Political Animal

Blog

April 08, 2014 4:22 PM Conservatives and Employer Liberty

By Ed Kilgore

I haven’t had much to say about the Brendan Eich controversy, other than to link to my colleague Martin Longman’s piece exploding the idea that somehow the First Amendment should protect Eich’s CEO gig. Beyond that, I think it a mite unfair that Eich lost his job for holding the same position on marriage equality in 2008 that Barack Obama then held, but presumably he could have shown that his own views had “evolved,” and at any rate, I’m not a shareholder or officer at Mozilla, so what business is it of mine?

It’s this last point that makes the conservative reaction to the Eich firing so amazingly hypocritical, as noted by Brian Beutler at TNR:

It’s been less than two months since the country concluded a big public debate over the rights of employers vis a vis their employees and their customers—a debate in which conservatives overwhelmingly advanced the view that business owners shouldn’t be compelled to do just about anything that conflicts with their religious beliefs…
Six weeks later, those same conservatives are mourning the end of American pluralism. What happened? An employer effectively terminated one of its executives in accordance with deeply held principles (and, I should note, in the company’s financial interest). But the person who lost his job in this case wasn’t fired by a bigoted boss for the sin of being gay. Rather, he resigned under pressure from his board of directors for the sin of helping a campaign that sought to nullify same-sex marriages.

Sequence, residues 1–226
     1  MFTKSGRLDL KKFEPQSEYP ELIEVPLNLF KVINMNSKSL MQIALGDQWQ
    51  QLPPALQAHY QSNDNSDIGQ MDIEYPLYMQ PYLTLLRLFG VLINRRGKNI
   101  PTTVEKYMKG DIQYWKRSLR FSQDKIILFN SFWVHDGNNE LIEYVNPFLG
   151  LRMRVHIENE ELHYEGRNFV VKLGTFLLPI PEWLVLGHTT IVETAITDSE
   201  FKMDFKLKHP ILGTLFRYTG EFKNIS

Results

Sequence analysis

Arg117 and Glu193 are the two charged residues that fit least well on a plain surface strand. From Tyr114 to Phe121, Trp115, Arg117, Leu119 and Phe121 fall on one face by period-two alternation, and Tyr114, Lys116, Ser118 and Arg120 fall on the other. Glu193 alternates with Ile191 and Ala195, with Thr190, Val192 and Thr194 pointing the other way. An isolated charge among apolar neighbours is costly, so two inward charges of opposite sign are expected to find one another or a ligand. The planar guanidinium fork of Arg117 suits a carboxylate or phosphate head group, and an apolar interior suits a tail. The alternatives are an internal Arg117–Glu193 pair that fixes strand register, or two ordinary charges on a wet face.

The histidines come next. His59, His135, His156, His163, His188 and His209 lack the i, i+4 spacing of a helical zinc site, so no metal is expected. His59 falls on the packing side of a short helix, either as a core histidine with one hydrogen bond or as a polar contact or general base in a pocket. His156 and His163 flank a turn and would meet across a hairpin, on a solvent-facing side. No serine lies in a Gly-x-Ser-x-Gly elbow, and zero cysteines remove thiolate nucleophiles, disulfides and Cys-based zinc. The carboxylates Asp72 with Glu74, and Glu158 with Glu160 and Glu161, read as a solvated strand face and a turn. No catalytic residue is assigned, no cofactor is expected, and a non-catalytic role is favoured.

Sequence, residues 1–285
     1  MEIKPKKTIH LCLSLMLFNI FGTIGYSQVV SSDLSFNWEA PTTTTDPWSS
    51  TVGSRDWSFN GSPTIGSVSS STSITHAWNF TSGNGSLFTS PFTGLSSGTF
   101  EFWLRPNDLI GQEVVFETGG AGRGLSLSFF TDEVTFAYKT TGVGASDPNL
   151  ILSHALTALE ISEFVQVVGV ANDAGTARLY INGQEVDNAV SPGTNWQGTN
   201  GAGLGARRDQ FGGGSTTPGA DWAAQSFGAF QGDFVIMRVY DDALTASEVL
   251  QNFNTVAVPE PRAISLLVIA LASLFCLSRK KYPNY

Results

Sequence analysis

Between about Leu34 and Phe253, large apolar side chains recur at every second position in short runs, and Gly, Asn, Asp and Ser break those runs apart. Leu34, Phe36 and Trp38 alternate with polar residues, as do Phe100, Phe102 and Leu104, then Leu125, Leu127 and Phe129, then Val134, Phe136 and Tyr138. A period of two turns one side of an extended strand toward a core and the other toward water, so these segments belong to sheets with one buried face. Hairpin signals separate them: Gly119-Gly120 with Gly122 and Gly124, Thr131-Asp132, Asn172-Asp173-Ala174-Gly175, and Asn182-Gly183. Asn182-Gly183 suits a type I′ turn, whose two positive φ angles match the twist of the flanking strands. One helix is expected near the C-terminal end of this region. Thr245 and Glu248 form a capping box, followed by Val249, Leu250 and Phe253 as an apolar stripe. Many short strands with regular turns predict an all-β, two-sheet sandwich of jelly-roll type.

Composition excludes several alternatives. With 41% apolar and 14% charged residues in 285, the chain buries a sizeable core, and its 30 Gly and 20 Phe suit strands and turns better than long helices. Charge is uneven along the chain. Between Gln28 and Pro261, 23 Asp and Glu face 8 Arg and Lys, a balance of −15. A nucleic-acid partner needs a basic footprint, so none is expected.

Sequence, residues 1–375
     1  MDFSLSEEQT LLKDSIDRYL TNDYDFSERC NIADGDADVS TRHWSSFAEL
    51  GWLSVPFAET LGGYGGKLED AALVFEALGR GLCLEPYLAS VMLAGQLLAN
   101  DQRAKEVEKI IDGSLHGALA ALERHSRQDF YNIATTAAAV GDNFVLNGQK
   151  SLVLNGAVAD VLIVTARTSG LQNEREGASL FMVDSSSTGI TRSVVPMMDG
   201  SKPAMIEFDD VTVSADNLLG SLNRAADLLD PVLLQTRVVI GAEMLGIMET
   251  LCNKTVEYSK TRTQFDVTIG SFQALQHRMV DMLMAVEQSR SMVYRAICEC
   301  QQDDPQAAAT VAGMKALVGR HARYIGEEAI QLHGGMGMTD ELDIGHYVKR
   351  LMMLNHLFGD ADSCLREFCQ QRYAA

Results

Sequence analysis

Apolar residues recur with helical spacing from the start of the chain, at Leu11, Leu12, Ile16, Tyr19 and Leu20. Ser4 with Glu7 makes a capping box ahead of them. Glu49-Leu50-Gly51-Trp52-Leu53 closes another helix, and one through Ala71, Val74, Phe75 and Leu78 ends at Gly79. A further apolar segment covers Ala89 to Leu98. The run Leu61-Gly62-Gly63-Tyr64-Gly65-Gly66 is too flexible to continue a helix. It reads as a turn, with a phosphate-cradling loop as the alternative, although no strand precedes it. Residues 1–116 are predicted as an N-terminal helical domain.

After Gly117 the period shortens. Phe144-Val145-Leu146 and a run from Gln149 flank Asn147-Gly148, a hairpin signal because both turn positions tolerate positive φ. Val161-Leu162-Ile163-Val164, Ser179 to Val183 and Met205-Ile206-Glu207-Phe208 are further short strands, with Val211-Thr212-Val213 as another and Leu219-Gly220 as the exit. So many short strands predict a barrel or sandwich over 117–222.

The Hobby Lobby case has led most conservatives to the proposition that employers should be able to self-designate a zone of immunity from compliance with duly enacted laws that allegedly violate their consciences. The Eich case does not involve the violation of any laws. So why shouldn’t Mozilla be free to drop Eich if they wish? Hard to say:

What all of this reveals is that the animating issue for conservatives isn’t abstract principle, but the privileges they are losing, or sense that their tribesmen are losing. This also explains why the reaction on the right has been so whiny and hyperbolic. Eich’s supporters think it’s appropriate for there to be repercussions for engaging in speech they don’t like, but not for engaging in speech they do like. And, very suddenly, speech they like is becoming culturally disfavored.

Live by the market, die by the market.

Ed Kilgore is a contributing writer to the Washington Monthly. He is managing editor for The Democratic Strategist and a senior fellow at the Progressive Policy Institute. Find him on Twitter: @ed_kilgore.

Comments

(You may use HTML tags for style)

comments powered by Disqus